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Installing an inexpensive brake
Have you ever been taxiing your machine to the end of the runway and gotten a little carried away with the speed. Putting your foot down at 35 mph is dangerous. Fortunately, a simple nose wheel brake can be installed for about $60.00 with off the shelf parts, and a minimum of fabrication. 

I have only installed this brake on a Six Chuter SR7 and it works fine. David Bauchspies has adapted the same parts to work on a Buckeye (see below). It may or may not work on other units. Before you order the parts be sure to measure the distance between the front forks. You will need at least 5 3/4 inches to install the brake and still have the wheel centered.

I won't go into too much detail here because most people who undertake a project like this have enough mechanical background to figure it out for themselves. 


Buckeye and Six Chuter use the Asuza 8" aluminum wheels, and Asuza makes brake parts for that type of wheel. The two main parts you will need are the brake shoe/back plate assembly, and the brake drum. The best price I found on these parts was at Wicks Aircraft Supply, 800-221-9425. Order an AZ-2530 BRAKE ASSEMBLY, $28.95, and a AZ-2542 BRAKE DRUM, $9.68. Total bill including shipping UPS ground was $44.26 (prices as of 5/98). 

In addition, you will need to pick up a few things from the local bike shop. You'll need a mountain bike brake lever assembly. The standard mountain bike handlebar diameter is 7/8" but Six Chuter uses a 1" stick, so get a lever that you can make fit the larger tube. Also pick up a mountain bike brake cable, 4' of cable housing, a cantilever brake cable terminal, and an adjustable ferrule. Total cost should be around $15.00 depending on how fancy you want your lever to be. You'll also need some nuts, bolts, etc., from the hardware store. 

Tips for installing the brake:

To keep the wheel centered in the forks, you'll need to cut a 3/8" piece from one of the front axle spacers. The 3/8" piece will go between the fork and the backing plate. The remaining part of the spacer will go between the backing plate and wheel bearing. You'll also need a 3/8" spacer for the backing plate mounting bolt.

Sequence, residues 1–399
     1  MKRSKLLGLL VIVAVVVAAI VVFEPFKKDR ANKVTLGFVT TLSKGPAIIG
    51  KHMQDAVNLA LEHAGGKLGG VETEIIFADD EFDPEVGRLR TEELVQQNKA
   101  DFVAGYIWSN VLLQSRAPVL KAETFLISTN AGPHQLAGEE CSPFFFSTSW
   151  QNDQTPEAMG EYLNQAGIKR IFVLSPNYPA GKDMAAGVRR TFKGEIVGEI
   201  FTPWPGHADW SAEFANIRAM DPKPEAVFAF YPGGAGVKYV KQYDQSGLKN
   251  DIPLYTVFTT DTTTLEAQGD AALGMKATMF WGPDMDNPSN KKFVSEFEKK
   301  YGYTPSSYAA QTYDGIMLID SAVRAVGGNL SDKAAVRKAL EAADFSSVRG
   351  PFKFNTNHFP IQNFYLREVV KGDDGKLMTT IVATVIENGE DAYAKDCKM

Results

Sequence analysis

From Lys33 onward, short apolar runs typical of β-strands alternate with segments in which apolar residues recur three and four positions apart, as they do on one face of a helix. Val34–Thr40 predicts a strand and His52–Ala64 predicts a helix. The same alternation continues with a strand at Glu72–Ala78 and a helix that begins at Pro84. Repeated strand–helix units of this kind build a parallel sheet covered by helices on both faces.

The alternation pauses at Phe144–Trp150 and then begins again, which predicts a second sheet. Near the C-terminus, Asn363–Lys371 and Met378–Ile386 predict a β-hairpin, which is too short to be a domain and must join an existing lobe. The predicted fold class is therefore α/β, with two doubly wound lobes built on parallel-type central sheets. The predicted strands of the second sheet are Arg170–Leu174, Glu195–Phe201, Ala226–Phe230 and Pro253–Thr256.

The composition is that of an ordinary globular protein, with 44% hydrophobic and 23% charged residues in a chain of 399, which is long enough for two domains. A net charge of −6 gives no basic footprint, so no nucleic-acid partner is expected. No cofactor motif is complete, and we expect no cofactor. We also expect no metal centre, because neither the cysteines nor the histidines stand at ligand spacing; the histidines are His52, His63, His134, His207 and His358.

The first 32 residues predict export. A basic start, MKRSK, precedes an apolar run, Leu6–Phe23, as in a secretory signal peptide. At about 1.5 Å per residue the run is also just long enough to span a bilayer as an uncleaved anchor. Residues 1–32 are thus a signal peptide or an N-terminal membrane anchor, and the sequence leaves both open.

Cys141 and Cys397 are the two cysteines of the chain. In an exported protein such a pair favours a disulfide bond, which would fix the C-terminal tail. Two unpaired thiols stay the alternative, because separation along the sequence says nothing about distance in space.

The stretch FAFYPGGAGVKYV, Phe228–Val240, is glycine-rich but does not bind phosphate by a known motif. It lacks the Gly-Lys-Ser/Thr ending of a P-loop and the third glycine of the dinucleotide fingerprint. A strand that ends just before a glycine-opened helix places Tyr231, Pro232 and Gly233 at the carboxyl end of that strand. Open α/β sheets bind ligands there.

If you install this brake on a model other than the SR7, please let me know how it went, and send along some tips for installation on your particular model. I'll post the tips here to help others. info@powerchutes.com

Information on installing the brake on the Buckeye,  from David Bauchspies:

I am sending you a jpg showing how I used your ideas for a front brake and adapted it to my 582 DM.  I made an arm and bracket sorta like the old Bendix bicycle brake, and clamped it on the fork so I would not have to drill any holes.  Works great.


Another way from Stan Pinnell:

I've installed nose wheel brakes on 3 buckeyes using your engineering. But instead of drilling a hole in the fork, or creating a clamp like David Bauchspies, I simply use a U-bolt to clamp the brake onto the fork.  I find stainless steel U-bolts at the hardware store and cut the threads the right amount so they don't dig into the drum assembly. I use nylon threaded stainless steel nuts to hold it on.  Works great!

Stan Pinnell

The process to install it was:

Remove the front axle bolt.  The front wheel assembly comes right off, just prop up the PPC on a box.

Place the drum over the wheel indents (they line right up to the wholes in the drum) and use the drum to keep the drill bit from walking off the spot you're drilling.

The hardware to hold the drum on the wheel consists of 3 bolts, and 3 nylon lock type nuts available at the local hardware store.

On the buckeye you can use a 1 1/4 diamater u bolt through the holes in the assembly and simply bolt the assembly on to the fork.

You'll need a cable mount.  I made mine (and 2 others for friends) using 1" aluminum angle, also available at the local hardware store. Drill holes through the stock before you cut it.  It's easier to drill into a long piece than a short one.  Drill a hole into the brake assembly (make sure not to drill into the brake pad area, just below it is out of the way enough) and bolt the mount on.

The cable, housing, clamp and tension thingy (see I'm not an engineer) was available at the local bike shop.

Since the brake drum is about 1/4 inch thick, you need to cut down the wheel spacer by that amount with a hack saw.  I put a socket (socket wrench type) inside the spacer far enough down from the kerf to keep the spacer round while it's in the vice while cutting.  It's aluminum so it custs easily.

Bolt the wheel back on and that part of the assembly is done.

You're right that most bike brake handles are too small for the steering lever, but there's an easy answer to that.  You simply use a pipe cutter (the type a handy man would use to cut copper tubing, you know, you clamp it down, twist around the pipe, twist the handle, twist around the pipe...) and lop off about 4 inches of the steering handle.

Get yourself a smaller diameter (about 3/4" OD) tube and insert a couple of inches into the steering handle still on the PPC, and a few inches into the handle end.  Leave a 1 inch gap, and you've got a 3/4 inch spot to clamp your brake handle on to.

Pop rivet the handle back on, and you've got it.

Oh yeah, you need to trim down the brake cable as it's too long out of the package, and wire tie the cable to the steering handle all the way down to the brake assembly.

This may sound complicated, but the hardest part was figuring it out, after that it's easy.  I've put 3 of these on and it's a breeze.  You don't need extra wheels, replacement steerring handles, special bearings etc.  Geeze, you're just trying to stop a 250 pound go cart with a rider on it going 25 miles per hour.  Over grass strips, you
don't go that fast on landing for long.

Or of course you can spend $240 for "the kit".



See Also Marty Ignazito's brake kits.